It is a good way to provide JavaDoc and it is a very good idea to provide an example. I would just suggest to not use this <p>, instead a <br> or <br /> at the end. Or if you do not like this, you could put everything inside a <pre></pre>.


public static void addAllReplacements (String source, Map<String, Set<String>> translationsMap, Set<String> targets) {

I would avoid this C-Pointer style argument handling in the Java world. Just return the set. As a general rule, you should not modify any method arguments.


public static void addAllReplacements (String source, Map<String, Set<String>> translationsMap, Set<String> targets) {
...
}

This recursion looks a bit confusing and not suitable. I would use an iterative approach:

/**
 * Add to 'targets' all possible variations of 'source', with replacements defined by 'translationsMap'.<br>
 * Example:<br>
 * source = "put the X on the Y"<br>
 * mapStringToReplacementValueSet = {X => {"cake","egg"}, Y => {"table","chair"})<br>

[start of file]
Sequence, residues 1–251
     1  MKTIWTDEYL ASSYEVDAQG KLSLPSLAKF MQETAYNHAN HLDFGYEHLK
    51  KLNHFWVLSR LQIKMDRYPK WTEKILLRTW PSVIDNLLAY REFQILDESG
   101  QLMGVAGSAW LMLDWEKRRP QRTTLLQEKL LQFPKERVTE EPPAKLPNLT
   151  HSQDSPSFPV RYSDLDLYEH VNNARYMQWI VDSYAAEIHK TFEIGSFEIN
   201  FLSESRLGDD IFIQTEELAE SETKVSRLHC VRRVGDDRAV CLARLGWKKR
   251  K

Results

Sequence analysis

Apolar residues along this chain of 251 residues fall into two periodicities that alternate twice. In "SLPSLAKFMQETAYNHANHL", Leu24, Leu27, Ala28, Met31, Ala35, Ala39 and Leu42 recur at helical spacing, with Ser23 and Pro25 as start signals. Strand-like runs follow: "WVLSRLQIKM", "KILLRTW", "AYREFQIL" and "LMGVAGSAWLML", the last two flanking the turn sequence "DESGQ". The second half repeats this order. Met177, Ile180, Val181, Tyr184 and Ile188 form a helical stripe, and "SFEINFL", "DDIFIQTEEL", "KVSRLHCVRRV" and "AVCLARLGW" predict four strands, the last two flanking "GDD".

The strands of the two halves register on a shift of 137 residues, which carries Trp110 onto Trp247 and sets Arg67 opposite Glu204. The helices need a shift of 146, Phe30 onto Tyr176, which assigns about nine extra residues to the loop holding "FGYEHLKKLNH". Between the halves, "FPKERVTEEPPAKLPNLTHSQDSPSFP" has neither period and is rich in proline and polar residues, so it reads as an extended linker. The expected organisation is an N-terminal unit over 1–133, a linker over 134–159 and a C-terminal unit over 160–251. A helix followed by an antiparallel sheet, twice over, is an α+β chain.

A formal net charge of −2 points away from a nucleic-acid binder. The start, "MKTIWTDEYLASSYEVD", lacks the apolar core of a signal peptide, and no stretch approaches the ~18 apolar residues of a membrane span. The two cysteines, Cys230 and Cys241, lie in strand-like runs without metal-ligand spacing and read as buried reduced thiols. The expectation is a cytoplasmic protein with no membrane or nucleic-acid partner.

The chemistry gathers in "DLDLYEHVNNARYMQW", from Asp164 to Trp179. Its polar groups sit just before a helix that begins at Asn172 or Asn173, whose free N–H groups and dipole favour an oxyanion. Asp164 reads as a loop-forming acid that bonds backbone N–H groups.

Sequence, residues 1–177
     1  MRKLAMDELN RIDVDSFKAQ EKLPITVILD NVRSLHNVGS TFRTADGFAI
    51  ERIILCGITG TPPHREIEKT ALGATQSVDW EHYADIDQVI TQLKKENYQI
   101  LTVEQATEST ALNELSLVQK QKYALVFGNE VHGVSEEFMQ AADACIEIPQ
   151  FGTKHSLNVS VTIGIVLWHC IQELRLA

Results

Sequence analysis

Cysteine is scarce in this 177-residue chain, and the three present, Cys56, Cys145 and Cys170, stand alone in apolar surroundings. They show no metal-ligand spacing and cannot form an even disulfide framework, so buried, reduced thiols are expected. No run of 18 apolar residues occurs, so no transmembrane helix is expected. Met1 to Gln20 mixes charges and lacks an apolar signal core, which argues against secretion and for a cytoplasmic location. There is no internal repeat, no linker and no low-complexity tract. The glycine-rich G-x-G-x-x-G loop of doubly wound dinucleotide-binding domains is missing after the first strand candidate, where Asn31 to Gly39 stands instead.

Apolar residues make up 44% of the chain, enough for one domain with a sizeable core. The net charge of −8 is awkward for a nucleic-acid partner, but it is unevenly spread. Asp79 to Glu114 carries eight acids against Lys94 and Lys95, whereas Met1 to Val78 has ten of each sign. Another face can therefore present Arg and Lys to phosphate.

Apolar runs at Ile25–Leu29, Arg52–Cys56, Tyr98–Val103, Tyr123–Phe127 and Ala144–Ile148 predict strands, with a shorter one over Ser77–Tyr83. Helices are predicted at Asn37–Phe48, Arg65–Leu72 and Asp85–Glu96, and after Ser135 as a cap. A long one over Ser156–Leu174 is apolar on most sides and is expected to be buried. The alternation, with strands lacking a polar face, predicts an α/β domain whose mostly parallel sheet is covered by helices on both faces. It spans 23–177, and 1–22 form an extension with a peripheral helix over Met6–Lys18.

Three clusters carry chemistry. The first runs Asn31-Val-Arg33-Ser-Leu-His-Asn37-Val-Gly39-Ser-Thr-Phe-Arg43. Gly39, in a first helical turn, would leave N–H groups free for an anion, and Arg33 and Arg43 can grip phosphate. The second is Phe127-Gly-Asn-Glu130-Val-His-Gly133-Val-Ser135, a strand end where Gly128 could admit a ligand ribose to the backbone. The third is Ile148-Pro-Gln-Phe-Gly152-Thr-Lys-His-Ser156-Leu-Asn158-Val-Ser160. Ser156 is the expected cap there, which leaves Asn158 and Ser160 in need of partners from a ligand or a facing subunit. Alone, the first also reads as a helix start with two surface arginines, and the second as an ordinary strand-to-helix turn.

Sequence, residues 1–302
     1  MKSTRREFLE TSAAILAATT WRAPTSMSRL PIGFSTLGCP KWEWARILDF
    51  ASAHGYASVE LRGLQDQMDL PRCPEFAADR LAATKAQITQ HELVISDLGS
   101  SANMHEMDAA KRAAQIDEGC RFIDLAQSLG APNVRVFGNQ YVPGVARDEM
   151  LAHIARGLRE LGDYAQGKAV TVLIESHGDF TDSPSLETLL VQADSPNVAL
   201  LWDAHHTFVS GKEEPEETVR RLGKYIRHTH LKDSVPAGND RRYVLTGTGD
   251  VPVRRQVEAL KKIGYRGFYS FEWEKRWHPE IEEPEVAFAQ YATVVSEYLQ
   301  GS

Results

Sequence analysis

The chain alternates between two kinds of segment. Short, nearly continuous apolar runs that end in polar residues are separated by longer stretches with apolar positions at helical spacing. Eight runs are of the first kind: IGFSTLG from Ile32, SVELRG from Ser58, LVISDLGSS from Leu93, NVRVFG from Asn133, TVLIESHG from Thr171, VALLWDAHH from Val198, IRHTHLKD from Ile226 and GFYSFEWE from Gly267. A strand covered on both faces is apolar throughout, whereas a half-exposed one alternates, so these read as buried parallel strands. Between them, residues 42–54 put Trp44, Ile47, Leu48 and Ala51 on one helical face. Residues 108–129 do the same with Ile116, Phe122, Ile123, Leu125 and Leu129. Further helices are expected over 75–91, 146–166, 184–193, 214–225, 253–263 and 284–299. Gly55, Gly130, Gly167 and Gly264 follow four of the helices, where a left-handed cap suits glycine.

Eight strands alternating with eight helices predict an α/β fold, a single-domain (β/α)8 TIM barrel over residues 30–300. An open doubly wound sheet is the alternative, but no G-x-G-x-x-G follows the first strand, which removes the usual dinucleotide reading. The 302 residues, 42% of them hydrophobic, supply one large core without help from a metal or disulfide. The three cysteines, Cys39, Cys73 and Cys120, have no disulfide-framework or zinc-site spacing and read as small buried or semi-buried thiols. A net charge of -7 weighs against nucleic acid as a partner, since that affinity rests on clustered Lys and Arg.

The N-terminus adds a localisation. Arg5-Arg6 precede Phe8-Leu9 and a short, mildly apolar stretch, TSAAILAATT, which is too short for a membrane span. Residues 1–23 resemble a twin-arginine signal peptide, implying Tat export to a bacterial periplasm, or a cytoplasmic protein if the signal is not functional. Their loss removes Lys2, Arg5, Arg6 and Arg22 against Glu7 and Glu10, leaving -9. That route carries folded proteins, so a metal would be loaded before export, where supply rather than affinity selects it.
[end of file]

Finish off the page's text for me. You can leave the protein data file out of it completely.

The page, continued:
* <br>
 * => result = ("put the cake on the table", "put the cake on the chair", "put the egg on the table", "put the egg on the chair")
 */
public static Set<String> getAllReplacementsForSourceAndReplacementMap(final String source, final Map<String, Set<String>> mapStringToReplacementValueSet) {
    // plan: create a result set which contains the source
    // for every entry in the map (which corresponds to one replacement key)
    //   for each replacement values go over all elements in the current set, do the replacement, add it to a new set
    //   make the new set the current set.

    Set<String> result = new HashSet<>(Arrays.asList(source));

    for (final Entry<String, Set<String>> entry : mapStringToReplacementValueSet.entrySet()) {
        final String currentKey = entry.getKey();
        if (!source.contains(currentKey))
            continue;
        final Set<String> newResult = new HashSet<>();
        final Set<String> currentValue = entry.getValue();
        for (final String setItem : currentValue) {
            for (final String resultArrayItem : result)
                newResult.add(resultArrayItem.replace(currentKey, setItem));
        }
        result = newResult;
    }

    return result;
}

Edit: If you use this Translations class, you could simplify the loop to:

    for (Translation translationsItem : translations)
        result = translationsItem.apply(result)

And the logic goes inside the Translation class.